All Sections
Welcome guest, you have 3 views left.  Register| Sign In

Home | Health

Push continues to get help, better access for mentally ill in NH

State House Bureau

August 15. 2013 1:58AM

PLYMOUTH — Although New Hampshire Hospital has added 12 new beds, on any given day 25 to 30 people continue to wait in local emergency rooms without treatment, the Executive Council was told Wednesday.

Health and Human Services Commissioner Nicholas Toumpas said 12 new beds were opened in June but those beds are filled so there is a waiting list of people with mental illness who need to be admitted.

He noted the new capital budget includes money to reconfigure a section of New Hampshire hospital into a new 10-bed crisis center for short term emergency admissions.

People in crisis can be brought in and stabilized Toumpas said, "but it is not long-term. The long-term solution is to keep people in their communities and treat them there."

The new biennial budget includes about $24 million to start rebuilding the state's mental health system, Toumpas said, but that will take time.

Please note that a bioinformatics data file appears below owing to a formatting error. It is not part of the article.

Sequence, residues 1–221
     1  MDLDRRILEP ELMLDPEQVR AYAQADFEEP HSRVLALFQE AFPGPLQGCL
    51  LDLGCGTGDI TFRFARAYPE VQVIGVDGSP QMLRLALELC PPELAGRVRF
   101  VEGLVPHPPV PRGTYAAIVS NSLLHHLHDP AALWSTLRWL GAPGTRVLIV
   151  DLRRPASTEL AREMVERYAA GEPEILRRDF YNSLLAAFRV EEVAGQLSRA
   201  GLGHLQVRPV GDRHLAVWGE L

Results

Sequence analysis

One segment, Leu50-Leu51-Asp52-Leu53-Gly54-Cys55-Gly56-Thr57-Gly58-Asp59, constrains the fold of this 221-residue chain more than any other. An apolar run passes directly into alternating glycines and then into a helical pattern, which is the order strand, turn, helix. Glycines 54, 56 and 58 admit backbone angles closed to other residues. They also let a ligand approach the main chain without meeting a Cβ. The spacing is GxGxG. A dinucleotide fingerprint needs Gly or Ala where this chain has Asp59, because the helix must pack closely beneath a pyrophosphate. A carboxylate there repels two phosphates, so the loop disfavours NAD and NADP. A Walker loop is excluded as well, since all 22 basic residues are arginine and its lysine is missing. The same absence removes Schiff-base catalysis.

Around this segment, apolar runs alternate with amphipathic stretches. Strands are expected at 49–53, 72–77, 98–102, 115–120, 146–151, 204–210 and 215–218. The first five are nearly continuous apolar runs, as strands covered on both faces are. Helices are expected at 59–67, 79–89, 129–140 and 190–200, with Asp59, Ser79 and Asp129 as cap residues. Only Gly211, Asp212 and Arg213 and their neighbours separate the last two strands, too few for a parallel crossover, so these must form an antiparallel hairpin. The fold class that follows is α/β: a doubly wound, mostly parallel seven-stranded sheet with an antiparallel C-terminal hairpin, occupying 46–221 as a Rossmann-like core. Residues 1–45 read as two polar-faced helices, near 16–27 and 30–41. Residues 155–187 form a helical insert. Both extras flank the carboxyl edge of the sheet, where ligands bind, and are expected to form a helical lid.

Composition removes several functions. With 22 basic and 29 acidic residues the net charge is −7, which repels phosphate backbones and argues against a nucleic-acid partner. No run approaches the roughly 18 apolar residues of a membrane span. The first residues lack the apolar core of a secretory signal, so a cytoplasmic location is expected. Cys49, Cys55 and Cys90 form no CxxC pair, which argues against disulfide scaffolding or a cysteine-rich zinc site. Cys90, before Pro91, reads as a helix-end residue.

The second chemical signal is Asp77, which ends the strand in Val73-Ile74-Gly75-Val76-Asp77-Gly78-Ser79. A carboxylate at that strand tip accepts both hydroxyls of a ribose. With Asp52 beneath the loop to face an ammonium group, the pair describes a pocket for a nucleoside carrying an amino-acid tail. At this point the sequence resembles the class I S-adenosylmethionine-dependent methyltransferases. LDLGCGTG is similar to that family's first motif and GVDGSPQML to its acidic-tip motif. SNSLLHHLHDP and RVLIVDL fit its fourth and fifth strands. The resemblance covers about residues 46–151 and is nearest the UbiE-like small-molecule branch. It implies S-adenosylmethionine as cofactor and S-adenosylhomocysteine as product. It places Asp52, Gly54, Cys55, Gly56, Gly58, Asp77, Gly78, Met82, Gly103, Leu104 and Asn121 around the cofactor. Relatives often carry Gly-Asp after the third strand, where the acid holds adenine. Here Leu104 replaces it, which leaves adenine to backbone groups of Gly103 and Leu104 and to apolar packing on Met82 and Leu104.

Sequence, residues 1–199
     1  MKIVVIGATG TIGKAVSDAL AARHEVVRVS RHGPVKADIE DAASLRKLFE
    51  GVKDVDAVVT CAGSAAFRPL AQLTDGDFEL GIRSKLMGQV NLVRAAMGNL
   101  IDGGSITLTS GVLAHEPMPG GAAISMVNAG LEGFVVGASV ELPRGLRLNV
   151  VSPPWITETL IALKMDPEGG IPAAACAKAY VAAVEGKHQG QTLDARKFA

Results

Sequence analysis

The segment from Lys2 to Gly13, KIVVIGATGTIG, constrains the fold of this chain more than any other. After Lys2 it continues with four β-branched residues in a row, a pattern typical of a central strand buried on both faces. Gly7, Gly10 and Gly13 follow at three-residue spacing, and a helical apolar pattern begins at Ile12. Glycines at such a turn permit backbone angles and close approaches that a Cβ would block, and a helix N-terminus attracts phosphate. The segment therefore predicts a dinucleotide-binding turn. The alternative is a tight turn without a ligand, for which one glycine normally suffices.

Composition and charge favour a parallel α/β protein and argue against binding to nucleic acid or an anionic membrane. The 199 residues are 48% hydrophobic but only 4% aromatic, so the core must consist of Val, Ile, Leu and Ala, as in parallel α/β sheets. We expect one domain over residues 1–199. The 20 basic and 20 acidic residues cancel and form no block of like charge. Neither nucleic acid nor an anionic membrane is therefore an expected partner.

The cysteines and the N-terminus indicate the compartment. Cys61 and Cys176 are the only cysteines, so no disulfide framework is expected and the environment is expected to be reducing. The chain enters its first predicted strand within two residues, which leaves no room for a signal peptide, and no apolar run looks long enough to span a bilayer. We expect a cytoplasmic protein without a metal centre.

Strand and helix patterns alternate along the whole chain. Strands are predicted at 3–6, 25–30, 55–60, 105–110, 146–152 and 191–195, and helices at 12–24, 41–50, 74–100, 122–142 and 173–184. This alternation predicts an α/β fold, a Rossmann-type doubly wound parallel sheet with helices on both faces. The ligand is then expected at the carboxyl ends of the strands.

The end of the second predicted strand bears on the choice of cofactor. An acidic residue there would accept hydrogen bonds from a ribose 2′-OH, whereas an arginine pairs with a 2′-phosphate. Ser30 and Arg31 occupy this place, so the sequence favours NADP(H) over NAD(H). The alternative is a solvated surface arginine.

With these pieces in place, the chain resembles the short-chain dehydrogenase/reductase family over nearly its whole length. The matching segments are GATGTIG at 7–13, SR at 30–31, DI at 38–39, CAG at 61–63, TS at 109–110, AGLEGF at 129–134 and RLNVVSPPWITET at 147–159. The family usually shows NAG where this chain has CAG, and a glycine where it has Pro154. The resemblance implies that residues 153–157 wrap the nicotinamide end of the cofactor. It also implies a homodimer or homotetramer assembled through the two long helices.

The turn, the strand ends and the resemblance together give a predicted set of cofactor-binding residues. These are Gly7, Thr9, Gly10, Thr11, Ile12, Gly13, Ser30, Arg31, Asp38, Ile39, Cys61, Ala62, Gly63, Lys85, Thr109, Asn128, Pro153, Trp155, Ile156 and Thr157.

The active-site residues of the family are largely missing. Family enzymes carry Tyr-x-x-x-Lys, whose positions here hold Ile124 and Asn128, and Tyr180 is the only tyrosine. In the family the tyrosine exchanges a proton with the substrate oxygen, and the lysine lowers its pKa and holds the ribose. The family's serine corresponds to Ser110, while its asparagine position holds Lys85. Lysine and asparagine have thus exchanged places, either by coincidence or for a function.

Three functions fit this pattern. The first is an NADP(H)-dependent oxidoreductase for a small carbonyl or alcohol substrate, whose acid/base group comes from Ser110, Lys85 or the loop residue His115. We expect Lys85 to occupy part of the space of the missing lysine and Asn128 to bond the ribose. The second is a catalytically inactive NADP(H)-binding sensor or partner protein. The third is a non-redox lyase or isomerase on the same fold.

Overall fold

He said local crisis teams will be established and the state is working with Franklin hospital to establish a designated 10-bed psychiatric unit to treat those from the North County similar to the designated center at Elliot Hospital in Manchester.

Last month, two workers at the Elliot were allegedly attacked by an acutely mentally ill patient on his third day in the emergency room.

The city recently held a meeting with state and local officials to discuss what could be done to alleviate the situation.

At the Executive Council meeting Wednesday, District 1 Executive Councilor Raymond Burton, R-Bath, said police chiefs from his district say their top priority is getting mentally ill into the New Hampshire Hospital for treatment.

Earlier this year, HHS officials reopened a wing that had been closed in New Hampshire Hospital due to budgetary constraints after law enforcement, health care providers and advocates complained that people were languishing in hospital emergency rooms for days who were suicidal, depressed or manic.

The state was sued by the federal government and others over its mental health system. That suit is pending in federal court.

Health Politics